The Rook : The Checquy Files

  • von Daniel O'Malley
  • Sprecher: Katy Carmichael
  • Serie: The Checquy Files
  • 17 Std. 57 Min.
  • ungekürztes Hörbuch


"The body you are wearing used to be mine." So begins the letter Myfanwy Thomas is holding when she awakes in a London park surrounded by bodies all wearing latex gloves. With no recollection of who she is, Myfanwy must follow the instructions her former self left behind to discover her identity and track down the agents who want to destroy her. She soon learns that she is a Rook, a high-ranking member of a secret organization called the Checquy that battles the many supernatural forces at work in Britain.
She also discovers that she possesses a rare and deadly supernatural ability of her own. Filled with characters both fascinating and fantastical, The Rook is a richly inventive, suspenseful fantasy. An astonishing debut from a brilliant new voice.


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A funny little story buried in a million details

Daniel O'Malley is an exceptional storyteller. I give the man credit for that. His creativity carried me through 18 hours of audiobook listening (this and the enjoyable voice of the narrator) and I felt wonderfully entertained for the most part of it. But that's it. If you expect an adventure from a novel containing a multitude of charcters with extra-special-superpowers then "The Rook" is not for you. It is a succession of anecdotes. If you peel away the layers of (albeit well told) details, there's not much of a plot left. "The Rook" tells the story of a conspiracy in the ranks of a secret goverment agency and that's it. To do so it draws on a huge personal of very special characters, which is entertaining if you happen to enjoy the audiobook version (the narrator is able to produce a million voices, just lovely!). But I really couldn't picture myself reading the actual printed book. Because it is quite a volume and it has this awful lot of information that doesn't add to the progress of the story at all. I expected adventure, suspense and a larger than life secret to be discovered - only to be let down at the end. Because the end is a 1 1/2 hour giant snooze-fest that doesn't make any sense, but instead makes you wonder why you endured * ALL THOSE FUCKING DETAILS * if they haven't got anything to do with it.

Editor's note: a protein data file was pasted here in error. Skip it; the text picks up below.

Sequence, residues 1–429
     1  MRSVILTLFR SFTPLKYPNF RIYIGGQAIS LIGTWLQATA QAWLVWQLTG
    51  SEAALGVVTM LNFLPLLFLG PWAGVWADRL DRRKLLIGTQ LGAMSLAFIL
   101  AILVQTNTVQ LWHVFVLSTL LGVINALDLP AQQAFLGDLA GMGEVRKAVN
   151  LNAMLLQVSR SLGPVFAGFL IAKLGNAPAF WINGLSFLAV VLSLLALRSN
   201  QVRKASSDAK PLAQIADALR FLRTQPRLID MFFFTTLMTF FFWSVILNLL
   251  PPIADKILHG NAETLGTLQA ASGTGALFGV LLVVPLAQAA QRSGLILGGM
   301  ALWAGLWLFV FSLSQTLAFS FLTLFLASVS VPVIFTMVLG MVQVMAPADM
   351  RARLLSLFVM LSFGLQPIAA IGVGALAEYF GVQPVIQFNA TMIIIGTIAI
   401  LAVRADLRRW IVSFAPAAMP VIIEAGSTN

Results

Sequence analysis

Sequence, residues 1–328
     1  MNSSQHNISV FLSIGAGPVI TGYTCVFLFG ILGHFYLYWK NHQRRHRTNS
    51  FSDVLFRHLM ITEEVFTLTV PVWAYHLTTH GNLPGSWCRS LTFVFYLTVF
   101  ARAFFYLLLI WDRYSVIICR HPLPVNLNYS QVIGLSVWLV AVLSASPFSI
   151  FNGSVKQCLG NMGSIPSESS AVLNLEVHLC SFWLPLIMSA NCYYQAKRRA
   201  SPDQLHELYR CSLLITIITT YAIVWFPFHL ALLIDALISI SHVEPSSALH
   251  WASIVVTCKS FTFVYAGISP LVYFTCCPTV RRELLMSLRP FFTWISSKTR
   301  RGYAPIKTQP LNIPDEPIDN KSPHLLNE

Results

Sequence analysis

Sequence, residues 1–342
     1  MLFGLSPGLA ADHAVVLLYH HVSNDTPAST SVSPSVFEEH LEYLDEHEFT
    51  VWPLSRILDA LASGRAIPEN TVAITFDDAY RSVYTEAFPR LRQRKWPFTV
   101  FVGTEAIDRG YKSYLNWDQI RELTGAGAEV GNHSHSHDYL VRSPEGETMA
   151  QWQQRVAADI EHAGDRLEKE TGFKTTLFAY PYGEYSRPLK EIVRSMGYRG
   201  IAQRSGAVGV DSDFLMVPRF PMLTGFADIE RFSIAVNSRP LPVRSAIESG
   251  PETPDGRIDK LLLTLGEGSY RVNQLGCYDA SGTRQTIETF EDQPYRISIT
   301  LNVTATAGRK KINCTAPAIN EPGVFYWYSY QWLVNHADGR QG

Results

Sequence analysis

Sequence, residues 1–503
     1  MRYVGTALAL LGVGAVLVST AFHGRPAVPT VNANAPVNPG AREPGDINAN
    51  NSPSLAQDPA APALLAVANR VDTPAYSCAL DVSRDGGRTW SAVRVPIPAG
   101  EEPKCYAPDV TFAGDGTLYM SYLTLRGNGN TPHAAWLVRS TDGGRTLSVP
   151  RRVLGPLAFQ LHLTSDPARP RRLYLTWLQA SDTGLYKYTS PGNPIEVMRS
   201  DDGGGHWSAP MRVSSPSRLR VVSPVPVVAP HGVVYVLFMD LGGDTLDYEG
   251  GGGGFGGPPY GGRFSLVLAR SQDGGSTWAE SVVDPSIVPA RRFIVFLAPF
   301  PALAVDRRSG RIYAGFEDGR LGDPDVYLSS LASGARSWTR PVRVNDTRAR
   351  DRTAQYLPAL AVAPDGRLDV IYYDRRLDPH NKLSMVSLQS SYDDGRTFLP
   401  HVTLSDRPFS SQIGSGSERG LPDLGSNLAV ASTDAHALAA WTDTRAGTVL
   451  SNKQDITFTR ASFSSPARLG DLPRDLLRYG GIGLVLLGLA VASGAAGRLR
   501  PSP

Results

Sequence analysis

The "purple" binder the heroine receives from the previous owner of her body at the beginning is the most shameless excuse for blatant info-dropping I EVER came across in a book. O'Malley just doesn't know the difference between necessary details and senseless blabbering. There are parts where things keep happening and these parts are actually suspenseful, but as it turns out they, too, are not important at all for the outcome of the book. They are just entertaining. You could omit any of those passages without damaging the story.

There's no epic showdown, no big ass revelation, just plain old telling what happend sometime in the past and let to this. And for whatever reason this makes the ultimate threat we have been promised for umpteen pages go away... Really? Does that little chit chat at the end make up for the piles of dead bodies the story produced? Hell no! Did anyone grab the bad guys by the nuts and nailed them to the Tower walls as they deserved? NO! We're not given the least bit of satisfaction, we're just being told how some of them got caught and trialed.

Well, needless to say I feel cheated. This story severely lacks DEPTH. Read this for the fun of it, but do not expect it to make much sense.
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- Stefanie

Tolles Buch und Hörbuch!

Die Geschichte war unglaublich fesselnd und gut geschrieben, und die Sprecherin hat mir auch super gefallen. Eines meiner Lieblingshörbücher!
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- Julia

Weitere Infos zum Titel

  • Erscheinungsdatum: 17.01.2013
  • Verlag: Audible Studios